Measuring Digital PR: Getting to grips with the metrics that matter

Measuring Digital PR: Getting to grips with the metrics that matter

Measuring Digital PR: Getting to grips with metrics that matter 

With SEO, you can measure organic search rankings and the resulting organic traffic and conversions. With PPC, you can measure cost per click, cost per conversion, and return on investment but measuring digital PR is a little more tricky. Many digital PR reports are a chaotic hotpot of metrics, combining everything from social media ‘engagement’ to ‘average DA’ to ‘audience.’ These commonly used measurements tell you very little about measurable ROI (return on investment).

The beauty of digital marketing has always been that everything can be measured, but digital PR will always be that bit more difficult. In this article, we'll help you understand where you should focus; on those metrics that really matter. 

At a glance 

Digital PR - the origin story 

Metrics vs Vanity Project 

Metrics that matter 

Moving forward 

Digital PR - the origin story 

The reason digital PR evolved from traditional PR was to solve an SEO problem. Recent years have seen digital PR develop as a discrete service and specialism. But it exists because the SEO industry needs it.

Digital PR grew because the SEO industry needed a scalable, repeatable method of building high-quality backlinks. As Google got smarter, SEO experts had to do the same. The landscape has changed. Search engines now know how to disregard and even penalise businesses for using paid-for links, so SEO experts had to change their approach - instead of paying for them - they had to earn. Thus the rise of earned media - more commonly known as Digital PR.  Nowadays, storytelling with the purpose of linking back to a website is now commonplace for Digital PR professionals, SEO experts, journalists and storytellers. 

Metrics that Matter vs Vanity Metrics 

Getting links is the main goal of digital PR, but why does it get dressed up as something different? All too often, vanity metrics are thrown into the measurement mix and have somehow managed to escape scrutiny. That said, they can't be relied on for accurate, data-driven measurement of ROI. Here are some examples of such metrics.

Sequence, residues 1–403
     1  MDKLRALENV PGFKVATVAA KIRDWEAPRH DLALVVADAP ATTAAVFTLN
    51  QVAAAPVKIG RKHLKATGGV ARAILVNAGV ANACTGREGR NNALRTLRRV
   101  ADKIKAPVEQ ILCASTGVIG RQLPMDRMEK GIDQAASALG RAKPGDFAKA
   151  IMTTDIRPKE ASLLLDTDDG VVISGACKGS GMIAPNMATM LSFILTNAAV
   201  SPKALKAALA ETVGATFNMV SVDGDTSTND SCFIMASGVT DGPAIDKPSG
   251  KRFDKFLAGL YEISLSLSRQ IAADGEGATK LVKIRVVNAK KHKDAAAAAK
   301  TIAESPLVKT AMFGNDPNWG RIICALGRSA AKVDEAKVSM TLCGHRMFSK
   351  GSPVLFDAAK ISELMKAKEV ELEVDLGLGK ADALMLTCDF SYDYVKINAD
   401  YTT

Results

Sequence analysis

i) Social engagement 

Social engagement metrics typically comprise likes, comments, social shares, and even social mentions, all rolled into one. The value of each of these types of social engagement is so far from measurable. This metric doesn’t even factor in the sentiment behind the engagement – whether it’s positive or negative.

If you really want a social metric related to ROI, log into Google Analytics and measure conversions resulting from social channels. In most cases, you’ll see next to no impact from digital PR. Why? Because digital PR exists to support SEO and brand awareness, not social media.

ii) Audience 

Audience has been a key metric in traditional Public Relations. But now we can actually measure things in the digital world, the case for this metric is shaky. The ‘audience’ metric typically supplies an estimate of the number of eyeballs that could have conceivably glossed over any of the websites that link to you. If the Sun links to you, your ‘audience’ can quadruple in size. Why? Because the Sun is a popular website. Did you sell anything as a direct consequence of it? Did it have any traceable commercial impact on your business? The answer is - unlikely.

iii) Increased search demand 

Another metric that has made its way into digital PR measurement is ‘increased search demand.’ This metric looks at the search volume for a keyword related to the campaign in a time period before the campaign, and a time period after the campaign. If the search volume happens to be higher at a convenient point after the campaign – voila! – the increase is attributed to the success of the campaign itself.

It should go without saying that a massive range of factors can influence fluctuations in search volume, such as seasonality, above the line marketing campaigns, social media and market demand. It is difficult to measure with any accuracy if the PR campaign caused the uplift.

Metrics that Matter

All the metrics above while can be viewed as vanity metrics in isolation - they are actually really compelling when they don't work in isolation and feature as part of a wider SEO strategy.  Whilst the metrics above may give some sense of a campaign’s performance, Digital PR should focus more on solid metrics that matter. We do that by bringing digital PR KPIs under the umbrella of SEO. Why? Because digital PR and SEO serve the same master: organic traffic, conversions, and revenue.

Digital PR works best when it’s integrated as part of a long-term SEO strategy and measured against SEO KPIs: organic traffic, conversions, and revenue.

The Way Forward

Quirky concepts that generate a lot of noise can help get links, but they can also make people lose sight of the goal. What most businesses need is a steady trickle of quality, relevant links that support a rigorous content and technical SEO strategy. By focusing on SEO KPIs over the long term, digital PR can play a key role in growth. Detached from its SEO foundations, it can become little more than a vanity project.

To be effective, and to be measurable, digital PR has to be a part of SEO. Of course, digital PRs are accountable for getting links. That’s their job. But it must never be detached from the bigger picture of SEO KPIs.

So this is the proposal – focus on the metrics that matter. Digital PR success is best measured against exactly the same long-term KPIs as SEO. If you’re committed to growing organically online, it’s the only measurable way to do it.